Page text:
Family book clubs lead to academic success

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By Warren Parkin

While attending high school graduation for my daughter recently a parent asked me what the secret is to raising children who are successful in school. I was caught a bit off guard. I was emotional as I always am when seeing developing minds recognized for their achievements. I didn’t have an answer ready.

Of all the things that I could have mentioned, the first thing out of my mouth was to encourage a household culture of reading.

I didn’t have time to explain what I meant.

I could have said turn off the televisions, turn off the computers, turn off the cell phones, kick your children outside to play. I could have said that it’s good for children to play in the mud, where their minds make up new narratives, explore different possibilities and forge brave, muddy worlds all by themselves.

But I didn’t.

When it comes right down to it, those suggestions are just preparatory things that can help lead a family toward a culture of reading. You can turn off the screens, but one must also open the books. The way to establish a familial tradition of reading is simple: read books, then talk about them.

One of the most fun things that we do in my family of eight is pass books around that are enjoyable for children and adults alike. Luckily, high quality literature written for children and adolescents is currently in a golden age of unprecedented quality and quantity.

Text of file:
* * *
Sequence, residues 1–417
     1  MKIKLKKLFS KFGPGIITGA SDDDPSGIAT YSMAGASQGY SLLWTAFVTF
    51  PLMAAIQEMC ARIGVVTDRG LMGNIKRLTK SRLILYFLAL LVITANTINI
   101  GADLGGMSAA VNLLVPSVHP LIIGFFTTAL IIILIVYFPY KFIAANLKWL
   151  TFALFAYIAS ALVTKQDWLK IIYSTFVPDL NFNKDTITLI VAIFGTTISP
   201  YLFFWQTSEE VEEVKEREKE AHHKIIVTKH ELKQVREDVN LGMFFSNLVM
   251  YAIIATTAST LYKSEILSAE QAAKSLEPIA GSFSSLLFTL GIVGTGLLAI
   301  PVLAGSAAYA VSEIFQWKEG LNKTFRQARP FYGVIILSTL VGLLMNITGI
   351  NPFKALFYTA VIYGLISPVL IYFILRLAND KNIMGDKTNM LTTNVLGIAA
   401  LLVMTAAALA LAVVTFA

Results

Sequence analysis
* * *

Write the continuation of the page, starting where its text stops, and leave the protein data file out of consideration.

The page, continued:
We have passed books around for years. I guess you could say, our family has become its own book club. With six children and two parents, its not surprising, I mean wherever we go we’re a party, if not exactly a club. Our children range in age from ten to twenty-one years old. I am 34 years older than our youngest child. That’s quite an age span, more than three decades. But believe it or not, there are books available of interest to such disparate ages.

The following are some of the books that young children and adults in my family have found enjoyable. They have served as a touchstone for conversation and sometimes have resulted in family parties where we go to see the movie version. Afterwards, we converse about the strengths of the book as compared to the movie and vice versa. By no means are these all of the books that our family has enjoyed together, but they do make an interesting and promising place to start developing a culture of reading.

None of these books has been read by every family member. One of our children has disabilities and does not read. The youngest is just on the cusp of a reading explosion and has read some of them independently, but has had many read to him. Six of the eight of us from 12-44 years old have read most if not all of them. These books come into our home through many different family members. Our twelve-year-old brought more than a third of them to our attention and loves every book on the list, except for the prequel to the Da Vinci Code, but she just hasn’t gotten into it – yet.